Chairman's update Vol.2
We are now entering the tenth week of lockdown in the UK. As politicians tried to cope with the panic created by the pandemic, the world’s economy has shut down following the measures put in place to deal with it.
We are beginning to understand the human cost of the disease, which is now so widespread it has affected all countries. The consequences of shutting down the economy will be seen in the coming months and the longer businesses stay shut, the worse that toll will be economically and mentally for many businesses owners and employees.
Although furloughing has been fantastic, ensuring that people unable to work have still received a wage, many of their employers have accumulated debt whilst closed and will have a cash flow crisis when they restart. Rates and rent loan interest have also been building up. Companies may well crumble as business owners realize that they can never repay what they need to borrow in order to start up again.
For those companies which can restart, it will be a slow, hard process. Every business requires various inputs – for example, manufacturing, services and many other organized activities – and if one part of that supply chain has been disrupted, they cannot function until they have sourced an alternative supplier.
These days, supply chains have become global, and even electricity is dependent on grid systems across countries along with data processing. Multi-nationals have faced criticism recently for moving manufacturing around the world. This ignores the benefits of lower prices that everyone has enjoyed and the countries supplying those manufacturing services have seen improved living standards as a consequence. We are at risk now of seeing a global rise in the price of goods if countries restrict imports and politicians insist on arguing over trade negotiations. We should also expect to see shortages in the future of raw materials as mines have had to close and oil drilling has practically stopped. At Harwin we have been preparing for disruption by building stock levels of materials, doubling our normal stock holding.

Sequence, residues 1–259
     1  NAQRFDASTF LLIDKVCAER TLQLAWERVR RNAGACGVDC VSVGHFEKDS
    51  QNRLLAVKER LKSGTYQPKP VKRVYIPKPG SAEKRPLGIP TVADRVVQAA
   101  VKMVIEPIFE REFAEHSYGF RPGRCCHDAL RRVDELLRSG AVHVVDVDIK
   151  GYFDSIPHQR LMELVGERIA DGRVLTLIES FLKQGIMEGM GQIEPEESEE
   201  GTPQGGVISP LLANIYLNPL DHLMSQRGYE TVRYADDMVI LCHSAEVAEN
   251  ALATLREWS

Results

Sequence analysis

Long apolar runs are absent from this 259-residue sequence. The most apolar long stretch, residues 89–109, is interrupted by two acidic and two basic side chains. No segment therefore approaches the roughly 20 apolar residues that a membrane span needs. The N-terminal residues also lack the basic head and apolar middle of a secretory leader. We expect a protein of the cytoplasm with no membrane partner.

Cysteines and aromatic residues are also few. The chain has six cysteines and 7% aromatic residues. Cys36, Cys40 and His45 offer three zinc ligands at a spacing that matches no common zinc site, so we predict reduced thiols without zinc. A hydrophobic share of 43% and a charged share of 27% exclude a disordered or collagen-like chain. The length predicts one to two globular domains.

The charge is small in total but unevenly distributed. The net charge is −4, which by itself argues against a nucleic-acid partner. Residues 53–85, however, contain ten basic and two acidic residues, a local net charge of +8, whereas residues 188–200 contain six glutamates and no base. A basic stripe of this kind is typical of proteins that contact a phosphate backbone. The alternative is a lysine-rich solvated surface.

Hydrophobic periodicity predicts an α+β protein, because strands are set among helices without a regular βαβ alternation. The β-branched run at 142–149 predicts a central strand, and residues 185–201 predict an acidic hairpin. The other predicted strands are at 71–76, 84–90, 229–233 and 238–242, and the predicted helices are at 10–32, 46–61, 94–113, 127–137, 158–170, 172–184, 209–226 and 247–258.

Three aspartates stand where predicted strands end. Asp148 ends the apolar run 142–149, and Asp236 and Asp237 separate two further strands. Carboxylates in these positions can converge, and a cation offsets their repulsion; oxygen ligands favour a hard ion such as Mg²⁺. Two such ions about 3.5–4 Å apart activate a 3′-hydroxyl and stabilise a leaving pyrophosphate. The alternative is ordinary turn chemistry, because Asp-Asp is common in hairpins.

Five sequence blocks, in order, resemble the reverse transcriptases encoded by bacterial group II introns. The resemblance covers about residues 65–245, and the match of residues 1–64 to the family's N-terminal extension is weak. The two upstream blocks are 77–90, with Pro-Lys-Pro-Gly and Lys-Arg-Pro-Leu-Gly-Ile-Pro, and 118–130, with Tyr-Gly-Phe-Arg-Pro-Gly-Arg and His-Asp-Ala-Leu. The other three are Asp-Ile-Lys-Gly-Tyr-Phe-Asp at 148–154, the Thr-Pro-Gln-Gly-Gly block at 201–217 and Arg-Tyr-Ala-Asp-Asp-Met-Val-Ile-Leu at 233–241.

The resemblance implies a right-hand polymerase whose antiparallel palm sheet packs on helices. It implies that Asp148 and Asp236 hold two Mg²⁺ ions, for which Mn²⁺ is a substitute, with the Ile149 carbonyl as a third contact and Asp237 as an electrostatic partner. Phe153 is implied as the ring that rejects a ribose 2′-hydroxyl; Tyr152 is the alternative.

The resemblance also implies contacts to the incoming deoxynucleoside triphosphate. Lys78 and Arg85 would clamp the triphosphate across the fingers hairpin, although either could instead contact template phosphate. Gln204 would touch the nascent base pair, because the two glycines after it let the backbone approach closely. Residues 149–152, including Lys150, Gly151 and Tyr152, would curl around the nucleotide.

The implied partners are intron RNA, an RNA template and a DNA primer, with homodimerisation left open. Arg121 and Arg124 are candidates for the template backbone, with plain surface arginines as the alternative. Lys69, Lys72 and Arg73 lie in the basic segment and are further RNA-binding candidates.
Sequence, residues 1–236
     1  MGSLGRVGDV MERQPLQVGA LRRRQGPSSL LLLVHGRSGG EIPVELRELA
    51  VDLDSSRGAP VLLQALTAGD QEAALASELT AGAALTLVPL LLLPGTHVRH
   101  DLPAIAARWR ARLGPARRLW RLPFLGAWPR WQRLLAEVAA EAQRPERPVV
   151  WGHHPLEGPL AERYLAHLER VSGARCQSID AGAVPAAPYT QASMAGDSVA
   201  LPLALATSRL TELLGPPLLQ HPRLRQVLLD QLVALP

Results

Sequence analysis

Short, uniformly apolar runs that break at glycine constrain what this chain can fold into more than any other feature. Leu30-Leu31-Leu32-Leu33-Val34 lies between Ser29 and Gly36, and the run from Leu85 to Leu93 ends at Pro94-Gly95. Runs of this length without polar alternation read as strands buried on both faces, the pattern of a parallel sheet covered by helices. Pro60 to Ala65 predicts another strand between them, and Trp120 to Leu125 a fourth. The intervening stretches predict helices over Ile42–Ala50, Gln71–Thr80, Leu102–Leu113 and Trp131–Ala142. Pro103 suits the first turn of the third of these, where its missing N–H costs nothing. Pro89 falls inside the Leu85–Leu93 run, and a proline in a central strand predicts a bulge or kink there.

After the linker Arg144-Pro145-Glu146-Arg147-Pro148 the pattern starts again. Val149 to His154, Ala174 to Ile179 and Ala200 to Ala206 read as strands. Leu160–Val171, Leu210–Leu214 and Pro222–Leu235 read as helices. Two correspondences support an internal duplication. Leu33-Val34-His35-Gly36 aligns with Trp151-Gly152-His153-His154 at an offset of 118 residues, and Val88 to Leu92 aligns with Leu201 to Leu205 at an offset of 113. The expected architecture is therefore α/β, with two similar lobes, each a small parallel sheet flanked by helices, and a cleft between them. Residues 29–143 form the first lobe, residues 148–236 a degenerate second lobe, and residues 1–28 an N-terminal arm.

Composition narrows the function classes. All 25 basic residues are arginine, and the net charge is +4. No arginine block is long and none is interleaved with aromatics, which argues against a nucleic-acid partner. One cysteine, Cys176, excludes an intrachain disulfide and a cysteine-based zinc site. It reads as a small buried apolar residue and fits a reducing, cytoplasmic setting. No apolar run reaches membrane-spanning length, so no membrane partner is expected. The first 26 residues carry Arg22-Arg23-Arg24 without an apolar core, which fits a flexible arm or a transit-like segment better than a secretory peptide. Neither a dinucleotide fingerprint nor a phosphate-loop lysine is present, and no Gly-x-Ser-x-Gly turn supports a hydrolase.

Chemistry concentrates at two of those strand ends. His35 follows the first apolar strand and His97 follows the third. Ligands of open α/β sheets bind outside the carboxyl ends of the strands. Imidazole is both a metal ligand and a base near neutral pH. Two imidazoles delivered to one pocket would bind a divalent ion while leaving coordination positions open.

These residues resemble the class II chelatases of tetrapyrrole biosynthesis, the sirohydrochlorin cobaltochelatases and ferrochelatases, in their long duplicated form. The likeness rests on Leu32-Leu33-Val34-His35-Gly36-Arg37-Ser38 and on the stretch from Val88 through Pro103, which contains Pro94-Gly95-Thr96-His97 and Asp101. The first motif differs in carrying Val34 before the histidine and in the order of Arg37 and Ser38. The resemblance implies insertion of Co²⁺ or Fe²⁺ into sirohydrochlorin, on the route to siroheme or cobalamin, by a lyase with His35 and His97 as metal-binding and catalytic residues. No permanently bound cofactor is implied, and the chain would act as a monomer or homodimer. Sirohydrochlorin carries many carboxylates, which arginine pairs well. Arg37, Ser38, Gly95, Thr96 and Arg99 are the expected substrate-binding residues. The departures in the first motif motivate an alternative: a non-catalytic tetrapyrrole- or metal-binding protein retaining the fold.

Central banks always seem to use lower interest rates as a band aid for any economic problem. Current interest rates are practically zero and our government, along with Japan and Germany, is borrowing at negative rates. Businesses do not typically change their investment plans if interest rates have moved by a marginal amount though. If you look at Japan’s experience, you’ll see that lowering interest rates actually increases savings and only has a minimal effect on investment. And very low or negative interest rates also damage pension funds, the insurance industry and banks.
I’m asked frequently whether I think our economic recovery will be ‘V’ shaped or ‘U’ shaped. My opinion is that, it will be a wavy-shaped recovery resembling a series of ‘W’s as imbalances are smoothed out. If the politically driven re-shoring of manufacturing is to happen, it will be hampered by the lack of skills required in western economies, and will require real change in the way students are trained in schools and colleges.
Damon de Laszlo